DEUCE MAGAZINE 2013
The Rise Of Japanese Tennis
Australian Open Special
by Robert Davis|
Hard work has paid off for Japanese tennis. Kei Nishikori may be the nation’s flag bearer, but he is by no means a one-man operation. Three other players – Hiroki Moriya, Tatsuma Ito and Go Soeda – from the land of the rising sun, joined the World No. 18 in the 2012 US Open singles draw. Many nations would hope for such a number.
“For sure, Kei Nishikori doing well at the 2012 Australian Open gave motivation to many Japanese players and also the reality that they also can do it,” says Masahide Sakamoto, a UNIQLO tour manager. “Kei made them believe that Japanese players can do it. Also, we cannot exclude the fact that we had the London Olympics. For Japanese people, the Olympics is a huge deal. The Olympics gave them extra motivation to push up their [Emirates ATP] Ranking.”
Soeda’s coach, Davide Sanguinetti, agrees with Sakamoto on the self-belief factor.
“Now, they do believe in themselves,” says Sanguinetti. “Especially at hard-court events, where they have more experience.”
Soeda openly admits that Nishikori has led by example. Nishikori has given Japanese players the confidence that they too can compete on the ATP World Tour.
“We had many players around the same ranking and that created a rivalry,” says Soeda. “We were able to push each other. And we had Nishikori as our goal. He has pulled us up. It also helped that when we travel, we can practise together, go eat, hang out and relax together. We need that on the tour.”
"Matsuoka did pretty much everything for tennis in Japan."
Professional club tennis and competitive adult and high school leagues have long established roots in Japan, which has dozens of community and regional tennis associations. Japanese manufacturers Dunlop and Yonex are well established brands, while UNIQLO showed just how popular the sport is in the country by signing World No. 1 Novak Djokovic as its global ambassador.
Much of Japan’s bug for tennis centred on the career of Shuzo Matsuoka. Tall, strong and good looking, his dramatic game style resembled more of a bansai charge than a strategic approach to the net. With victories over two former World No. 1s, Pete Sampras (1991-Canada) and Stefan Edberg (1992-Queen's Club), and two wins over former No. 2-ranked Goran Ivanisevic (1992-Queen's Club, 1995-Moscow), Matsuoka inspired the nation and in the process became a cultural icon. Even today, Matsuoka appears regularly on dozens of televisions commercials each year. Ironically, it was his 1995 Wimbledon quarter-final loss to Sampras that really spawned a tennis boom in Japan.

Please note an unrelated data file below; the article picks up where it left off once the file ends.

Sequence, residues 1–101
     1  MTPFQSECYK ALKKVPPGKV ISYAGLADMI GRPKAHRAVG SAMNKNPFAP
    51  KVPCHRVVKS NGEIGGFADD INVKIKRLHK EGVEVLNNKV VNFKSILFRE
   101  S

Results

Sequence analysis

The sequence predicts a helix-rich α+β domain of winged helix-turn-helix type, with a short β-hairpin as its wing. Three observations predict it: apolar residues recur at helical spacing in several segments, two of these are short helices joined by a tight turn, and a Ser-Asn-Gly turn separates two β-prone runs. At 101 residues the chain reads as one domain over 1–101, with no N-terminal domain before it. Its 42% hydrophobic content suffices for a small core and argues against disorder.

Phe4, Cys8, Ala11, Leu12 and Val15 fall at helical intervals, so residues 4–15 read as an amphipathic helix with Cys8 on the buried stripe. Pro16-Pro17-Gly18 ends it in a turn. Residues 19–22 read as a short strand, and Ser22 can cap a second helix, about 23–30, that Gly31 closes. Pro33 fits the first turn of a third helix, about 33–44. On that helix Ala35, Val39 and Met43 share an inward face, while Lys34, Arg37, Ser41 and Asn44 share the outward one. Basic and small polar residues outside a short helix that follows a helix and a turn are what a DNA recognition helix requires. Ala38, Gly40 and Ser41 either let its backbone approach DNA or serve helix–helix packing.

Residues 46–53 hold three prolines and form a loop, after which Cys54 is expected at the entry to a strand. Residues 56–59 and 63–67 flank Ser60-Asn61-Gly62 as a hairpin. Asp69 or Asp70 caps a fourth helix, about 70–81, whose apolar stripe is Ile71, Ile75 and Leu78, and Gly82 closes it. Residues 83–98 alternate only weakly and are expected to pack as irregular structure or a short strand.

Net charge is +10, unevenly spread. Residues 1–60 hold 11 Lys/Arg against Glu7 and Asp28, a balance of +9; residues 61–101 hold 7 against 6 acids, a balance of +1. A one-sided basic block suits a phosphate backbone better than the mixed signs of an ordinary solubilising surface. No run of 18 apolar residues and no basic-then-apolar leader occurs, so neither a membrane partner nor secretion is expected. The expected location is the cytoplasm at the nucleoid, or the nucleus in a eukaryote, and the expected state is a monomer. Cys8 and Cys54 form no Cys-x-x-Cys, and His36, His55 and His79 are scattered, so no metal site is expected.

If a loss can inspire a nation, one can only imagine the effect that Nishikori’s historic win at the Rakuten Japan Open Tennis Championships in Tokyo last year must be having on Japanese children today.
“Shuzo Matsuoka did pretty much everything for tennis in Japan,” says Sakamoto. “The main reason that he is on TV every day is that he wants people to love tennis and know the sport of tennis. Shuzo is very famous in Japan, but he still says to people, ‘I am Shuzo Matsuoka the tennis player’. I don't know anyone else that cares more about Japanese tennis. Shuzo is my hero and every tennis players’ hero in Japan.”
After Matsuoka’s retirement, there was a period of relative stalemate - save for the talented Takao Suzuki. Coached by ATP World Tour veteran Claudio Pistolesi, Suzuki often saved his best tennis for the home soil. There were signs of greatness, including one match, in particular, back in 2006, when he took World No. 1 Roger Federer to three thrilling sets in a Tokyo quarter-final, before eventually losing 4-6, 7-5, 7-6(3).
“I was able to practise with Matsuoka, which allowed me to gain valuable experience on what type of balls professional players hit, and what it took to become a professional tennis player,” recalls Suzuki. “Now, since Kei's ranking has gone up, other Japanese players on tour are able to believe that they too can also do better.”